Lawyers Mean Court Mean Massive Fees

Good family lawyers will do things properly so you can look to the future. They will put you in touch with the financial, coaching, counselling services you require to move forward. They will use meetings, correspondence and documents to ensure your relationship with your ex moves forward in the most positive way forward. If you communicate your needs they will listen and this will keep the cost down. Court is always a last resort.

The key tool is communication. Whether you are in a relationship, getting out of a relationship, managing client relationships, telling your children about ending a relationship, co parenting or getting the most out of your lawyer. Communication.

And that, in a nutshell, is how to, or how not to, divorce.

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The Imerman case – The Man from Del Monte, he says, YES!

Until last month, spouses who discovered information showing their partner was ‘hiding’ money (and not giving the court a true picture of their assets to reach a fair financial settlement) could copy it and put it before the court to help their case. But in the Imerman case, the Court of Appeal decided that those in the weaker position are effectively on their own: their spouse’s privacy is essentially more important than ensuring a fair outcome.

It fair to say that family lawyers are, not to put too fine a point on it, absolutely staggered.

The facts in a nutshell

– Mrs Imerman married the ‘Man from Del Monte’ who shared an office with her property tycoon brothers.

– When things went ‘pear-shaped’, the brothers locked Mr Imerman out of the office and downloaded somewhere between 250,000 and 1.5 million documents from his computer.

– They handed them to their sister’s family lawyers as they believed Mr Imerman had no intention of making full and frank disclosure.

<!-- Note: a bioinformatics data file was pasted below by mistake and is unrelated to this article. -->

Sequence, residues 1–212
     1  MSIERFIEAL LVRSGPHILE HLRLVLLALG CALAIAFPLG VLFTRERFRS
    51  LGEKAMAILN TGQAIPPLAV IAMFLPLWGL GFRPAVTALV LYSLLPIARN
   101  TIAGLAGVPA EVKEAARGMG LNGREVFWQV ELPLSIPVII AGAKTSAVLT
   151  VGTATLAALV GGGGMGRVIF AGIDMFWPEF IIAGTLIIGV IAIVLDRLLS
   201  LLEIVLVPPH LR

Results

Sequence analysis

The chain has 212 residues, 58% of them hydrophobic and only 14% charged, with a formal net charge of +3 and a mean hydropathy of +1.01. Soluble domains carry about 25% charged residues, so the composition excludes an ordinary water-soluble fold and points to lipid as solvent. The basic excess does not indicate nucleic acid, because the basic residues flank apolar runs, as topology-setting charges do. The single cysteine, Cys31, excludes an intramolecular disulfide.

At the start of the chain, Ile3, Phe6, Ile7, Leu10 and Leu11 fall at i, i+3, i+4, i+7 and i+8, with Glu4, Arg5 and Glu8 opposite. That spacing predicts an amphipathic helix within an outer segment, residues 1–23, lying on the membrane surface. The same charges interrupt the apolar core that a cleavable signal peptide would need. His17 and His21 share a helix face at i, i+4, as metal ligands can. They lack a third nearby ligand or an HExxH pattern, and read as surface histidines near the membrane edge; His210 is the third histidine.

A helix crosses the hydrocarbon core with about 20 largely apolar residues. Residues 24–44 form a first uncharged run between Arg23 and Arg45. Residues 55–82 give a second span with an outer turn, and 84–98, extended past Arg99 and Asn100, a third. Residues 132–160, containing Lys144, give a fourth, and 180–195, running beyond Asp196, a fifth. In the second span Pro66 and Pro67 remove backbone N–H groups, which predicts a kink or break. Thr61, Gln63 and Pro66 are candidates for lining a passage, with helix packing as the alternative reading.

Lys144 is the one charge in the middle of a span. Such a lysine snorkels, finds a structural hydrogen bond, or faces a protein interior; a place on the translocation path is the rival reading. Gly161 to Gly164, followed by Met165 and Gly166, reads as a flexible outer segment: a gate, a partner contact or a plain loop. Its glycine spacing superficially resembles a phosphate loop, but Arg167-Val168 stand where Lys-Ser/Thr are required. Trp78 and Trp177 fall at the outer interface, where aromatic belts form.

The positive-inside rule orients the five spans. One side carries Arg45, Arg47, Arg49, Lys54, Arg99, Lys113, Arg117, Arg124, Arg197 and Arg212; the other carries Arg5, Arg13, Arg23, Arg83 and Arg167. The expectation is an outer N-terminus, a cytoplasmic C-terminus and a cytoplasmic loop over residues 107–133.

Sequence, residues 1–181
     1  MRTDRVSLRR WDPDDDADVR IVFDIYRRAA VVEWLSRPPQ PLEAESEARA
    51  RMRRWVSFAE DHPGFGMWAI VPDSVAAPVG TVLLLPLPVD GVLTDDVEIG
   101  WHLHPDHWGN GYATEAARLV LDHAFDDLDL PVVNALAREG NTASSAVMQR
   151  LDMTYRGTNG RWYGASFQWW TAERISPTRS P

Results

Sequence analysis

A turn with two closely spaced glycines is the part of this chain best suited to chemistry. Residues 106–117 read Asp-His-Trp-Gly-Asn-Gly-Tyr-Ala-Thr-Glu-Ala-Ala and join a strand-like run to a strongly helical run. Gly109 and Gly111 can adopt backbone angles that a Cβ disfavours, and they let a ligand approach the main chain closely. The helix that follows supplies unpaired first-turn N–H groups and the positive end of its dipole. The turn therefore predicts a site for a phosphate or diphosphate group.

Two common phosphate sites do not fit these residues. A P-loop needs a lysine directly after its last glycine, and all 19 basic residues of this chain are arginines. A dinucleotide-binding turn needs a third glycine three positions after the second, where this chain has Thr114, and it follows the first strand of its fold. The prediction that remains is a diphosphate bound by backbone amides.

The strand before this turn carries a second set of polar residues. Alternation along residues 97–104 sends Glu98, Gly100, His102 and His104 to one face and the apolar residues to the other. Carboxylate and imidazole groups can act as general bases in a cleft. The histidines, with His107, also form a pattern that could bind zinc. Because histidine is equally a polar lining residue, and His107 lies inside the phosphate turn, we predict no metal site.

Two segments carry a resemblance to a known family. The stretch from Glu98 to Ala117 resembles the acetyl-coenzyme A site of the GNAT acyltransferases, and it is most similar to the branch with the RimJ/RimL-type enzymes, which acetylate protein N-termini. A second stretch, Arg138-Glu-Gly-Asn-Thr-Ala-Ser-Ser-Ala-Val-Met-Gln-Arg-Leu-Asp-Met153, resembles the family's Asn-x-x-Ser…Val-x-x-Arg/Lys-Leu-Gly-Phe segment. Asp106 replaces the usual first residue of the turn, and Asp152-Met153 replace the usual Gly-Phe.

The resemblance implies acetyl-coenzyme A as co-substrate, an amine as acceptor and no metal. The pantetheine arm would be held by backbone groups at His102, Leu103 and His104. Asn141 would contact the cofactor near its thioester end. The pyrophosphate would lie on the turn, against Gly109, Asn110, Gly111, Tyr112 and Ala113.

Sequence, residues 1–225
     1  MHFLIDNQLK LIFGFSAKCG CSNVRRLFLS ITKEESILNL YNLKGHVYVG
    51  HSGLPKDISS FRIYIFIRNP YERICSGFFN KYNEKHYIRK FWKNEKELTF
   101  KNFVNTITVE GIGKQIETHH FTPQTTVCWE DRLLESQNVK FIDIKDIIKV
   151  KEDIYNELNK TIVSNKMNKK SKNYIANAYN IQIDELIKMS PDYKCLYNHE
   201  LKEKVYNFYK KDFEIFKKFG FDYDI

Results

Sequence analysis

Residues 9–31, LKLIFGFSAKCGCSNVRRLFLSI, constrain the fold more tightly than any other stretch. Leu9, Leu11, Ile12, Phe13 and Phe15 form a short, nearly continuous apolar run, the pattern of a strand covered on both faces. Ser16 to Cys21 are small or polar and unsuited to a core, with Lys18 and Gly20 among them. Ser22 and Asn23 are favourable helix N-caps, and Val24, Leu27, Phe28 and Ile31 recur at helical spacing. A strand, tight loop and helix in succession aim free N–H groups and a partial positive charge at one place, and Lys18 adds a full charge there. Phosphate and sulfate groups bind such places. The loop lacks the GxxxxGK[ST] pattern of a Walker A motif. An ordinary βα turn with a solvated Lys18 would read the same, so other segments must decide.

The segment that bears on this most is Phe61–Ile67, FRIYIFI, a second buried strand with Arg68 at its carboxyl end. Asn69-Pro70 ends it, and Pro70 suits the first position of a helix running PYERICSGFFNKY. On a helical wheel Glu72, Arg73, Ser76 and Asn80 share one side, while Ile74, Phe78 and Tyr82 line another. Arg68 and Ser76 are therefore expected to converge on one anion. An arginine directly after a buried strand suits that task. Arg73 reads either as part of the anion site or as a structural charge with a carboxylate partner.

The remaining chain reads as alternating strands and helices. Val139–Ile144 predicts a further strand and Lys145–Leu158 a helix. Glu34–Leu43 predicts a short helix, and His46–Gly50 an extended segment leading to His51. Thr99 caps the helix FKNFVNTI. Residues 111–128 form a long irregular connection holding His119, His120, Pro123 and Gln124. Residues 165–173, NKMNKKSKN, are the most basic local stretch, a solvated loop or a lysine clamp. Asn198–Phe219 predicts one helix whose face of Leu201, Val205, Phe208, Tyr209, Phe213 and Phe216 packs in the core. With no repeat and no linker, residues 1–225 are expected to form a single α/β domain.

– Court of Appeal ruled that Mrs Imerman could not use this information even though she had nothing to do with obtaining it.

Effectively the Court of Appeal said that married couples are entitled to privacy from one another even in relation to what are, after all, matrimonial assets!

What does this mean for divorcing couples (& their lawyers)?

Say a husband and a wife, let’s call them Mr and Mrs Jones since we’re in Wales, have been married for 20 years and throughout that that time Mrs Jones has kept all her precious things and private papers at the back of her knicker drawer. If Mr Jones thinks that Mrs Jones is hiding anything he will know exactly where to look when things breakdown. So, if they decide to part and Mr Jones has a little snoop around before meeting his solicitor and finds £40,000 in secret bank accounts (shock horror!), can he hot foot to his esteemed adviser with copies, crying “Jackpot”?

The short is answer is no. The information wasn’t in the public domain it was in Mrs J’s very private knicker drawer. And she certainly didn’t give him (or his solicitor) permission to have a good root around in there!

The law as it stands indicates that both our jaded Mr Jones and his solicitor have committed a breach of Mrs Jones’ confidence and she could sue them both.

So already our straight down the line solicitor has bad news for Mr Jones. All he can advise Mr J is to: